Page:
Plaque psoriasis

Psoriasis like Eczema can initially be treated with creams such as Cetraben or Epaderm, which moisturise and hydrate the skin to reduce dryness. You should avoid the use of soap on your skin as it could cause dry skin to get worse, and instead use products such as Oilatum bath oil or Aqueous cream as soap substitutes. 

Other methods for treating psoriasis include:

  • Vitamin D treatments  – these have few side effects, and they work for 73.8% of people who use them at least 2 times daily
  • Diet – some studies have shown that alcohol and dairy may lead to flare ups, reducing these can help with symptoms
  • Relaxation techniques – stress is a big factor so meditation and relaxation techniques may improve your symptoms
  • Combination treatments such as Diprosalic which contain salicylic acid to get rid of dry skin, and a steroid to reduce inflammation
  • Coal tar and coconut based treatments such as Sebco or Cocois
  • Dithranol
  • Topical corticosteroids
  • Medicines that reduce inflammation such as ibuprofen or even steroid tablets.

If your psoriasis is particularly bad and not responding to any of the treatments above, you may require immunosuppressants such as methotrexate, or a type of medication known as  Calcineurin inhibitors, which also suppress the immune system. Examples of this type of medication are Tacrolimus or Sirolimus. These medications are either applied onto the skin or as tablets that you swallow and require monitoring more closely over a certain period of time and are prescribed by a specialist dermatologist.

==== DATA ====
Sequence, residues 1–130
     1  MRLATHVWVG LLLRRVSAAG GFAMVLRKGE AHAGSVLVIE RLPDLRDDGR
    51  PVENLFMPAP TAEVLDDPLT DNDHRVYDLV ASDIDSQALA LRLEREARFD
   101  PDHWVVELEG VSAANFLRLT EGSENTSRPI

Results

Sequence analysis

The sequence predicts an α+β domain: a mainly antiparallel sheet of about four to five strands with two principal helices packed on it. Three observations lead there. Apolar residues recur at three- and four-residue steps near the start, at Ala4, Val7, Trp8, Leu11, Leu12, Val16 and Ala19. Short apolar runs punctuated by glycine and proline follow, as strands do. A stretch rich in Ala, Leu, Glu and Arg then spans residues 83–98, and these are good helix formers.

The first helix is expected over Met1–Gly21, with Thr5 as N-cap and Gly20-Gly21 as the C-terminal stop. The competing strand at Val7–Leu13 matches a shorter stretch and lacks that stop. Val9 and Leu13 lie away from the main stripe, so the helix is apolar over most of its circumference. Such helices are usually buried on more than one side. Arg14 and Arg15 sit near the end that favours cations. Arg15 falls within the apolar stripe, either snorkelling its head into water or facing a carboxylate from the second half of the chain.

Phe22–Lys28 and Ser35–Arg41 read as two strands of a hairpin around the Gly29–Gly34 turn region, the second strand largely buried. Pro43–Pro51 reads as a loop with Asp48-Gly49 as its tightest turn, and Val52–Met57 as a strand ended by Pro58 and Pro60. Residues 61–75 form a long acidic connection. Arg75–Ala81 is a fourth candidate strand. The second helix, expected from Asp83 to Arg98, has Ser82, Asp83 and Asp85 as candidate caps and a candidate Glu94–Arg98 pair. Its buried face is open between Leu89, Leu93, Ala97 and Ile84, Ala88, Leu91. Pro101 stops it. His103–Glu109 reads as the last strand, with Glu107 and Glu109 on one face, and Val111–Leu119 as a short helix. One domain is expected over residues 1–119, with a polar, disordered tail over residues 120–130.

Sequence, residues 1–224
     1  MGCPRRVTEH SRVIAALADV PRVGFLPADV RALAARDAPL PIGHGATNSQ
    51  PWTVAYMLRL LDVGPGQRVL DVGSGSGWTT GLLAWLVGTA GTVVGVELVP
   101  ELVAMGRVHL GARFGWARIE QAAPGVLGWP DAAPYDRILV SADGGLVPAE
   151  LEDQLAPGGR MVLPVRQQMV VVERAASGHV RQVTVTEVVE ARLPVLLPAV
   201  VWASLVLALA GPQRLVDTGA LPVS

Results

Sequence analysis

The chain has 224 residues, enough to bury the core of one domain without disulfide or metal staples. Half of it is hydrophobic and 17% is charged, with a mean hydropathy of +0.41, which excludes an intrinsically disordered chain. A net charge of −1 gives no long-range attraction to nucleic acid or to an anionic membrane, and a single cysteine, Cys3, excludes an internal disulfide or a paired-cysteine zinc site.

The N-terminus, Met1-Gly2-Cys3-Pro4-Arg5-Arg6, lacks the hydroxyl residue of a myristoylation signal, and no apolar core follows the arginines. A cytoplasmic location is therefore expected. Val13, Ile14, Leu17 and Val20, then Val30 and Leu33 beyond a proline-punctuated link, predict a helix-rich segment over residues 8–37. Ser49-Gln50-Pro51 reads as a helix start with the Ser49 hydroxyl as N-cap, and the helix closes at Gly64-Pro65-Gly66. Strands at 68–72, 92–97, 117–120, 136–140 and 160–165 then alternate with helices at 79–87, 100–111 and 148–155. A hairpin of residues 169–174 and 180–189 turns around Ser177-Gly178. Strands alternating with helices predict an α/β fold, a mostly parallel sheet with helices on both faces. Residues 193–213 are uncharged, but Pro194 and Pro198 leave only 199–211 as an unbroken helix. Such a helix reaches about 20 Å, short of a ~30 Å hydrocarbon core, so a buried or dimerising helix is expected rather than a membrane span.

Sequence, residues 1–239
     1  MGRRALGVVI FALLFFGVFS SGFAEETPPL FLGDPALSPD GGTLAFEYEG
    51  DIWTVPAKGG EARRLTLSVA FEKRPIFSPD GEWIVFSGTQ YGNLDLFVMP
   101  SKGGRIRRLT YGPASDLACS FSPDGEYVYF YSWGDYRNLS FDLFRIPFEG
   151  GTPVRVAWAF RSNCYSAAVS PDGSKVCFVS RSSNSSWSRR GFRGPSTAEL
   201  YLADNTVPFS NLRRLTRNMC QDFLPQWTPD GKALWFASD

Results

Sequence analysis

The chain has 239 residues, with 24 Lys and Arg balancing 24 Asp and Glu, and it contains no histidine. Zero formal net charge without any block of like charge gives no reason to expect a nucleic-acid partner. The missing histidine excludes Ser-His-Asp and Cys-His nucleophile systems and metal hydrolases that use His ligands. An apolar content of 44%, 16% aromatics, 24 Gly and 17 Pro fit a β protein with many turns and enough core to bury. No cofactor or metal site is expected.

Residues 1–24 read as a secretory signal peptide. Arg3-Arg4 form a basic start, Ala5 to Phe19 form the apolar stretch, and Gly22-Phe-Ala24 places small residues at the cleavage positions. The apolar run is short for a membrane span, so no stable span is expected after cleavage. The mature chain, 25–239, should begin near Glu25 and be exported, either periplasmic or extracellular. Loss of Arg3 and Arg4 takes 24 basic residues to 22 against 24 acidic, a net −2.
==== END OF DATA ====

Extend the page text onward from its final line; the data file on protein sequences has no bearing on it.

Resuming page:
Light treatment, or PUVA, is also effective in the treatment of psoriasis and many patients note a significant improvement, however there is an increased risk of skin cancer in later life with this treatment so more care has to be taken when going out in the sun.

If these treatments don't work you may need to be seen by a dermatologist. They may suggest more specialist treatments including medicines that suppress your immune system or light treatments.

How does psoriasis treatment work? – psoriasis can’t be cured, so treatment usually works by reducing your symptoms, or stopping them from getting worse. Psoriasis causes growth of scaly skin that can be itchy, painful and dry. We don’t know all the reasons why, but when someone has psoriasis they create more skin cells, and at a faster rate than those without psoriasis. The skin also gets irritated and dry which can lead to bacterial and fungal infections occurring more frequently. Treatments will improve these symptoms by moisturising the skin, improving the inflammation, and slowing down how quickly new skin cells are made. Some treatments, when used for long periods of time, can reduce the number of flare ups you can get in the future.

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